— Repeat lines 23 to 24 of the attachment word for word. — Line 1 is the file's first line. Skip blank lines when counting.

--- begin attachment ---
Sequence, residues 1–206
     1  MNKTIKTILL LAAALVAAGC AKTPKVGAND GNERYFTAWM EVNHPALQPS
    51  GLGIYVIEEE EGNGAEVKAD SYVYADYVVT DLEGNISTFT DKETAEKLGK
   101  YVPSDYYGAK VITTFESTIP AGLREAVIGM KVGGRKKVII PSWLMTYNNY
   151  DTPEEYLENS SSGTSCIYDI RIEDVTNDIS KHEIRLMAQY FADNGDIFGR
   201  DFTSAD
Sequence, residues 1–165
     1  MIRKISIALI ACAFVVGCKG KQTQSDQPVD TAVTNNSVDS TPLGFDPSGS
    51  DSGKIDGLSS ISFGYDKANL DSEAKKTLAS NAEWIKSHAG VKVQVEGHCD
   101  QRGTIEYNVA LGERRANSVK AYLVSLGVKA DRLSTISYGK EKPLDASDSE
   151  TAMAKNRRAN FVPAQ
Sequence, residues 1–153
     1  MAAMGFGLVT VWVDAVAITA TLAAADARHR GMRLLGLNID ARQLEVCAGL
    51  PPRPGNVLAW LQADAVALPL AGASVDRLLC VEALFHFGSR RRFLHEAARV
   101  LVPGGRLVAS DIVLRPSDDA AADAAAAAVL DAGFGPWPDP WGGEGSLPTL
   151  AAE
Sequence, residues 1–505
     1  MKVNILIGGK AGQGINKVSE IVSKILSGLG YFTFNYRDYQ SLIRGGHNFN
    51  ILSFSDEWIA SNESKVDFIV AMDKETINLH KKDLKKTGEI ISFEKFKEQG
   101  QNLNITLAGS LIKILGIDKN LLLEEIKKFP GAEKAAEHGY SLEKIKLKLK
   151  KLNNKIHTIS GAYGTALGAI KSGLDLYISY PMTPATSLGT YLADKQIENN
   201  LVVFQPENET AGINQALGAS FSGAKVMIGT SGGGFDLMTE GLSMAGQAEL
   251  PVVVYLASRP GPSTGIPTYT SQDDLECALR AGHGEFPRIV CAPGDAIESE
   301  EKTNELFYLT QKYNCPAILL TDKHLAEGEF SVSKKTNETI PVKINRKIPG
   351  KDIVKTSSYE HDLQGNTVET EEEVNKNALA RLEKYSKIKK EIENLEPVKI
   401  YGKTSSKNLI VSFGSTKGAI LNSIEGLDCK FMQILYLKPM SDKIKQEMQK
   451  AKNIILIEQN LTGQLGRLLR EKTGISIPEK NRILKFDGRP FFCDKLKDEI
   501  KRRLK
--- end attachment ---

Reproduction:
   251  PVVVYLASRP GPSTGIPTYT SQDDLECALR AGHGEFPRIV CAPGDAIESE
   301  EKTNELFYLT QKYNCPAILL TDKHLAEGEF SVSKKTNETI PVKINRKIPG